Underground Rainwater TankClimate change has brought about significant drought and rain scarcity challenges in Kampong Speu, Cambodia.
In one of Cambodia’s provinces, Kampong Speu, the challenges around accessibility to safe water pose a different challenge due to drought brought on by climate change. This includes unpredictable delays in the arrival of rainfall in the early wet season, the amount of rainfall, and the duration of the wet season.
Pilot of appropriate technology to address sanitation in a challenging environment. The project aimed to determine how underground rainwater tanks can facilitate year-round access to households for domestic water use. The system developed is based on traditional collection and storage methods combined with a modern risk management approach.
In many areas throughout Cambodia there are no safe water supplies. The surface water is contaminated, and the groundwater is not easily accessible everywhere, or is unsuitable for drinking, due to contaminants such as arsenic. According to Chray Pom, a Ministry of Rural Department development director, half of Cambodia’s rural population, more than six million people, still lack clean water.
The Royal University of Phnom Penh undertook a study analysing social vulnerability to climate change in the Kampong Speu province. The study indicated that drought was the most severe hazard from 1999 to 2011 because it occurred in both the low land and upland areas of the Kampong Speu Province.
Among the 420 communities affected by the drought in 2002, Kampong Speu province was the most severely affected. Significant drought and rain scarcity has greatly reduced agricultural production, which in turn has affected food security. It has a negative impact on farmers’ livelihoods – affecting health and providing fewer opportunities to generate income, as the environment is not abundant in natural resources.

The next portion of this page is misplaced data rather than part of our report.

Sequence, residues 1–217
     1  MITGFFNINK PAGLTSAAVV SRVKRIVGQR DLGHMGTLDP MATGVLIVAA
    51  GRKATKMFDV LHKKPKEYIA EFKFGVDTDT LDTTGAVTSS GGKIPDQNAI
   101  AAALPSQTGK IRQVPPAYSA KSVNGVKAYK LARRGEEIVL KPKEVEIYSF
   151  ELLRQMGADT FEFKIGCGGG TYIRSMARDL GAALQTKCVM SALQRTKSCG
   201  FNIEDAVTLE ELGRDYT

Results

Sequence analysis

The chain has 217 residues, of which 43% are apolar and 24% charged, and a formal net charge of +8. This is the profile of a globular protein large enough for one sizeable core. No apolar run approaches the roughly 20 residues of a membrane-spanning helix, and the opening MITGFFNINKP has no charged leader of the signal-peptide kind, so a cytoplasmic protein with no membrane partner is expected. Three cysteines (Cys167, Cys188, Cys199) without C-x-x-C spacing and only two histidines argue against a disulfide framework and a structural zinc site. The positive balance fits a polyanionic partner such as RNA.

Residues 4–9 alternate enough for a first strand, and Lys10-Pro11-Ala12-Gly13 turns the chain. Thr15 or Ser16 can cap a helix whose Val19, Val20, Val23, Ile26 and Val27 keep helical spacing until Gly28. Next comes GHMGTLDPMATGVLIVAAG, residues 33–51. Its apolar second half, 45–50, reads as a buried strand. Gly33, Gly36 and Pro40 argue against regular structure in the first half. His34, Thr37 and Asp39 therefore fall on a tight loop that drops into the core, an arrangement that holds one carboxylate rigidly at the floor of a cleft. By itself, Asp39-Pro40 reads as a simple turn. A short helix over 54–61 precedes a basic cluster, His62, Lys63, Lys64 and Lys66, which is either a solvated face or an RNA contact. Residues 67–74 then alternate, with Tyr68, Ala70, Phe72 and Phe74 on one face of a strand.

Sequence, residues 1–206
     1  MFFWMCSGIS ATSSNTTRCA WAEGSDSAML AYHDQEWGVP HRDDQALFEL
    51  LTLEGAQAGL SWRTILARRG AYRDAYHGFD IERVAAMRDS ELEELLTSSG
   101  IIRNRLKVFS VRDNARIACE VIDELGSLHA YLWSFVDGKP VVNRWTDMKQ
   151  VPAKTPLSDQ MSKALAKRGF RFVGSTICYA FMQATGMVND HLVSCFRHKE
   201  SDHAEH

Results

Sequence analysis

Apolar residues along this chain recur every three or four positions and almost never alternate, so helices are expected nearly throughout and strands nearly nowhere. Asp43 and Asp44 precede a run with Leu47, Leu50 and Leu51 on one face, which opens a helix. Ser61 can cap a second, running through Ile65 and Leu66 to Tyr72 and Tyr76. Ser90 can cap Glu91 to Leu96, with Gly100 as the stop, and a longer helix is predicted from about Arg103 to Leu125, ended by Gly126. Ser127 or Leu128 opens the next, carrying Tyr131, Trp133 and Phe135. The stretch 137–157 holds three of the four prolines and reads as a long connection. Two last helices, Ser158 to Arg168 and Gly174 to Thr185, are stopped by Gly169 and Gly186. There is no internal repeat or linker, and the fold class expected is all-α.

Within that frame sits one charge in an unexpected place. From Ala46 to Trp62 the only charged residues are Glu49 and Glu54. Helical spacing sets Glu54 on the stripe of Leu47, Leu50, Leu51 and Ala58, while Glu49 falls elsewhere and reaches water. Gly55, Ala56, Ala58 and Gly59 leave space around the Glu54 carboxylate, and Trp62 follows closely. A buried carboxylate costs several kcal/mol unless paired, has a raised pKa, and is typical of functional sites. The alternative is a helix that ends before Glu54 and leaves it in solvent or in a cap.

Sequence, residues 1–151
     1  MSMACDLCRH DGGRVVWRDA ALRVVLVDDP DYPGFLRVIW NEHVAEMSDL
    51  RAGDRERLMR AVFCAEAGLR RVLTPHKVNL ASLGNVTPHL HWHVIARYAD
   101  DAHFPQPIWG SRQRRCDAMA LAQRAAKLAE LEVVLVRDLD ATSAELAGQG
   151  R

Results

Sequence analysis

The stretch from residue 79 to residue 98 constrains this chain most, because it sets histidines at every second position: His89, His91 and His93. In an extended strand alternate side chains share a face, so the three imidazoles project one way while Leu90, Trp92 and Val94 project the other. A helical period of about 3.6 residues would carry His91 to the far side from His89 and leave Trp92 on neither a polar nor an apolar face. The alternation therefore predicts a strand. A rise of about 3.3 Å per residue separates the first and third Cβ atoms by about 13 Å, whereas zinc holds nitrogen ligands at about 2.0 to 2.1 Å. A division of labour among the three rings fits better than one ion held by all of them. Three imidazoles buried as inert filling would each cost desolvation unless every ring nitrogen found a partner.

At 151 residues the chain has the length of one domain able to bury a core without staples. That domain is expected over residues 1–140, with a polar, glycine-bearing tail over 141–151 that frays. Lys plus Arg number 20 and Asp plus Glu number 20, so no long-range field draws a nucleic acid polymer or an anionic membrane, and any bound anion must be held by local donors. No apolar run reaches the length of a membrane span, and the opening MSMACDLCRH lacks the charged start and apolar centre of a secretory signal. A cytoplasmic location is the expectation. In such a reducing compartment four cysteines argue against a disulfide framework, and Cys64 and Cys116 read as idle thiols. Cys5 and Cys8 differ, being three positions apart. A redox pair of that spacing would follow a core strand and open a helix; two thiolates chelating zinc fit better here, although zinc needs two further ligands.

Significant drought does not solely affect farmers, it also has an impact on families, women and children. Results from the study show that women were more vulnerable to extreme climate hazards due to their high workload and increased susceptibility to health problems, along with a lessened opportunity for education. The journey for the women – who are mostly charged with collecting water – is further afield, and is hot, long and arduous.
To tackle this issue, Engineers Without Borders Australia (EWB) partnered with RainWater Cambodia (RWC) as part of EWB Australia’s ‘Sanitation in Challenging Environments’ program.
RWC, established in 2003, is managed by a dynamic group of Cambodian people and has received technical support from EWB. RWC focuses on Water, Sanitation and Hygiene improvement and has much experience in this sector. A key area of expertise for RWC is rainwater harvesting for households, schools and health clinics, which provided a perfect partnership for this project.
A team of local university students took part in the RainWater Cambodia Design Challenge, with this core challenge as their brief. It is one of many projects where EWB engages with students to develop their human-centred design thinking approach, to provide practical experience in the development of real-world solutions. When one of these projects gets the green light to be taken forward into piloting and possibly implementation, it is an incredibly exciting day – and that’s exactly what happened with some of the students who took part in this Challenge.
EWB commissioned RWC to undertake a pilot project designing and constructing underground rainwater tanks. This pilot aimed to determine how underground rainwater tanks can facilitate year-round access to households for domestic water use. The system developed is based on traditional collection and storage methods combined with a modern risk management approach, with the aim to provide a safe, sustainable water supply for year-round consumption. When water supply for family needs is assured, additional methods for water collection can then be further explored for agricultural use. The underground rainwater tank uses local materials such as wood, bamboo, a hand pump and low-density polyethylene (LDPE) in its construction. The ability to access local materials and supplies is critical to the success of this project and to ensure the system is easily maintained into the future.
The pilot was successfully completed early in 2019, and EWB and RWC are now seeking funding to provide underground rainwater tanks to more families in Kampong Speu. This is a very exciting project and great example of EWB Australia’s leadership approach for collective action.